KARACHAY-CHERKESSIA, Russia, May 21, 2013 /PRNewswire/ --
International congress in Karachay-Cherkessia demands protection of minorities and general rejection of external interference with sovereign states. Russia assumes responsibility for ethnic minorities.
Members of the European Parliament warn of "Arabian Spring" situations in Russia's South. They demand strict guarantee of international contracts on the non-intervention of foreign states.
The protection of national minorities and the rights of multi-national states are not a contradiction, but a basic prerequisite for peaceful cooperation. This is the result of an international experts' meeting in the Russian Karachay-Cherkess Republic. Diverse national and religious identities enrich multi-national states like the Russian Federation. They are not a justification for external intervention.
Member of the European Parliament (MEP) Johann Ewald Stadler from Austria noted with concern how ethnical and religious minorities were abused in the past to justify destabilisation of the region. The influence of external organisations and states had led to disputes that could have caused great trouble. "Only the considerate action of the central government was able to calm down the situation again," Stadler explains.
Destabilisation in South Russia and the entire Russian Federation was attempted in the name of the national minority rights over the years. Belgian Parliamentary Delegate Frank Creyelman believes that they were initiated from the outside. MEP Stadler sees dangerous parallels to the current development in Syria, where ethnical and religious minorities were also instrumentalised from the outside, with cruel consequences for all Syrian citizens. Russia would not permit this, however.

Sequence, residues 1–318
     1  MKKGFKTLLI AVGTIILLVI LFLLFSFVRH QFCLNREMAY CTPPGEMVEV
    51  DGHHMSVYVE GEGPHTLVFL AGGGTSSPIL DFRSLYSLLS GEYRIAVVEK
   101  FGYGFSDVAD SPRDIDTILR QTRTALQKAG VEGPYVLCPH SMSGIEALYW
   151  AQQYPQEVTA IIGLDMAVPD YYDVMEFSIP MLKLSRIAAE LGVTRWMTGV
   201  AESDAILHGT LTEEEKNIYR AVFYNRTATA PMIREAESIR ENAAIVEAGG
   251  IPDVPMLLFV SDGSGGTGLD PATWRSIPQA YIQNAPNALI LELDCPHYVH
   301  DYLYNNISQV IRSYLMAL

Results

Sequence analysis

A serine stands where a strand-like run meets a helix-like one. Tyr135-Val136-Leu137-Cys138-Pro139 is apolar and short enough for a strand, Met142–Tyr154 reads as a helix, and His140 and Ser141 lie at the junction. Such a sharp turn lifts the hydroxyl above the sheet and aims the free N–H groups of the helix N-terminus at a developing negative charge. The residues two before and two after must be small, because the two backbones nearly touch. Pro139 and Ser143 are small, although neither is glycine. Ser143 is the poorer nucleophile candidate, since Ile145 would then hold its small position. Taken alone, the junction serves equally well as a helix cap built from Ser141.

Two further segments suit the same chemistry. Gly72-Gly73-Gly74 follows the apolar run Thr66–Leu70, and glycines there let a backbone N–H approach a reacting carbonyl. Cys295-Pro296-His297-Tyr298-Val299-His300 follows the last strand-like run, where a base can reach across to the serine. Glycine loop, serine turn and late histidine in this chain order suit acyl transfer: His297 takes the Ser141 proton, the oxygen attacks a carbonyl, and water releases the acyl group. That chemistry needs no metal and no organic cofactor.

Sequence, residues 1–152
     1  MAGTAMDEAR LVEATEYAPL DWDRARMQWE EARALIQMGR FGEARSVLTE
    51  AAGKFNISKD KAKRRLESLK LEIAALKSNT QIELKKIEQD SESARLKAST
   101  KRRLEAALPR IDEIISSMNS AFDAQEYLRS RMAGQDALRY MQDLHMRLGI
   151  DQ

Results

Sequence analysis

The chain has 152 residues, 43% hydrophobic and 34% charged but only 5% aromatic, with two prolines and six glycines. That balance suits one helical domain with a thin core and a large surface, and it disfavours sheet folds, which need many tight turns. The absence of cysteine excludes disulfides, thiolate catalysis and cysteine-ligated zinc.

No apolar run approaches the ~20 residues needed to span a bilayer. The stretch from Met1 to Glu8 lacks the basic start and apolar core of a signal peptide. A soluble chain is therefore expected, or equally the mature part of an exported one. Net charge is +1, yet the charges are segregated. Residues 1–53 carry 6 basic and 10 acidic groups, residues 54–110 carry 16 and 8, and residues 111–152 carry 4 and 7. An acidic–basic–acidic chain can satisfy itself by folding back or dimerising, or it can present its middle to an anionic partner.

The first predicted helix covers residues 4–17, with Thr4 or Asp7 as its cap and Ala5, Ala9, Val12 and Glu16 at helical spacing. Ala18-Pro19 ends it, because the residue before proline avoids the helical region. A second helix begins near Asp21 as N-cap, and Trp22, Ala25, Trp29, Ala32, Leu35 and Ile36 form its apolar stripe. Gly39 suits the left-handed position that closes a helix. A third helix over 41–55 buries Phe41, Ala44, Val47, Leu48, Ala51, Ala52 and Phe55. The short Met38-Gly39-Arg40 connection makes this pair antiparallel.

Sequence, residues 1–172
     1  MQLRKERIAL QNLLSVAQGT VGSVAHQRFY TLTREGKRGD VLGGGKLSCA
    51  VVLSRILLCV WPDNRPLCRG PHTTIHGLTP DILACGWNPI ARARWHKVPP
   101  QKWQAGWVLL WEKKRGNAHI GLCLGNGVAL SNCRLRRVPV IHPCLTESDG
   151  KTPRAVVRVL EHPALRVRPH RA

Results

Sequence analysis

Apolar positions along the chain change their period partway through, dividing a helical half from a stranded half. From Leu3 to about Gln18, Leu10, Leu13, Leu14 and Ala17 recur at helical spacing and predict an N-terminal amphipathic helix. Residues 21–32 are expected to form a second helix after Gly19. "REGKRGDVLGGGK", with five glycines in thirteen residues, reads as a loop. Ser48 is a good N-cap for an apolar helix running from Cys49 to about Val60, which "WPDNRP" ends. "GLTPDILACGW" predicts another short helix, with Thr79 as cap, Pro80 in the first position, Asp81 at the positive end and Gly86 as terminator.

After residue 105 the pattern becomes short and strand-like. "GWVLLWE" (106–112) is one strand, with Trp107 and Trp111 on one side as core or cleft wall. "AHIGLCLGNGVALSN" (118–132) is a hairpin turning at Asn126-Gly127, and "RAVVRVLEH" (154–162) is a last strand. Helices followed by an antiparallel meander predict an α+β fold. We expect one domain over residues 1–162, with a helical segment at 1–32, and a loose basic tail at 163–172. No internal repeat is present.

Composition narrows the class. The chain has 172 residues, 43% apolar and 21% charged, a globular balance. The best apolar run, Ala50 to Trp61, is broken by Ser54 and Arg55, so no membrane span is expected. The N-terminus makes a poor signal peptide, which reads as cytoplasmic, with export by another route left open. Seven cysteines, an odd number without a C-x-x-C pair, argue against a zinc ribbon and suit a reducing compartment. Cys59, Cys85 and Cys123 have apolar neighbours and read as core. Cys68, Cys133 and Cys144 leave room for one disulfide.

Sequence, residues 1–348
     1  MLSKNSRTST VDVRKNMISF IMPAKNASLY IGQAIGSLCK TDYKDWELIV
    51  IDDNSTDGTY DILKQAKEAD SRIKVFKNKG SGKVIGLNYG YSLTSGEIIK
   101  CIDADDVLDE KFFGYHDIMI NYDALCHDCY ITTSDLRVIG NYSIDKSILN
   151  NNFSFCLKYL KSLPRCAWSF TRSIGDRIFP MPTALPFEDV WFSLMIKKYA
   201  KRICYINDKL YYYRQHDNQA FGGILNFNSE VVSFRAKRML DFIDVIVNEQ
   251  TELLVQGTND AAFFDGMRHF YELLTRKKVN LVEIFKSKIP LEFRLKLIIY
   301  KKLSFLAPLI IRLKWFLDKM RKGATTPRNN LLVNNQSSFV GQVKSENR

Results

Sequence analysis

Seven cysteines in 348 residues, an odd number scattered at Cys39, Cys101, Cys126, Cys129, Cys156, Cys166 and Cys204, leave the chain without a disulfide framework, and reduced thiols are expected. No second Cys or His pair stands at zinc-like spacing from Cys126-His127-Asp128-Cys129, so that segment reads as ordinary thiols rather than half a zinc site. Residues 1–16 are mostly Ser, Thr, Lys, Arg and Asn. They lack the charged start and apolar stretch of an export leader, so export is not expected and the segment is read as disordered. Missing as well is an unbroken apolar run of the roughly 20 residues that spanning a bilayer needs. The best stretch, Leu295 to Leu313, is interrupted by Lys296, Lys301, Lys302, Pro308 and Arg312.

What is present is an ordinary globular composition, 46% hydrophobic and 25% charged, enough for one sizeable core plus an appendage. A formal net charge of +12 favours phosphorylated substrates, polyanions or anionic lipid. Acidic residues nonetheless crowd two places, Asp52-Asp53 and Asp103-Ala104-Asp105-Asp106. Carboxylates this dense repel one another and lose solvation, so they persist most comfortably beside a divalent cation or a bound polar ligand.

Dutchman Daniel van der Stoep, also a member of the European Parliament, demanded that ethno-nationalism be replaced by the ideas of democracy, peaceful coexistence of different nations and mutual respect as a basis of international law.
The peoples of the North Caucasus have gone through a tragic period of their history in the past. This is a trait that they share with many nations in Europe, as MEP Fabrizio Bertot from Italy notes. Deportations, for example, were not a solitary incidence in the complex history of Europe. "Today's Russia is different from the Russia of the past. It is not responsible for the crimes of Stalin's time."
Rashid Borispiyevič Temerzov, the head of the local government of the Karachay-Cherkess Republic, emphasized the special rights of small nations. At the same time, he noted that the citizens of the multi-national state of Russia "put into practice their shared future in the cooperation and mutual respect for their different traditions."
The most important bodies for freedom and the rights of the individual nations are the constitution and the Federal laws of the Russian Federation that prevent historic tragedies like the deportations that took place during the times of Stalin. The central government in Moscow supports the small Caucasus Republics not only legally, but also financially. These funds are used for infrastructure measures as well as for the general economic development of the entire area.
The chairman of the committee for national matters of the State Duma, G. K. Safarilev, considers this to be an essential success for the benefit of a stable and peaceful development of the entire southern region of Russia. It will also be an asset for the Winter Olympics 2014 in Sotchi.
All congress participants agree that they hope that the experiences of the recent past of the Caucasus will set examples for those states and peoples that are facing similar threats to a peaceful, sustainable development in a multi-national state.
For more information, see http://www.geopolityka.org
Minister of Information and National Policy of Karachay-Cherkess Republic
International Institute of Newly Established States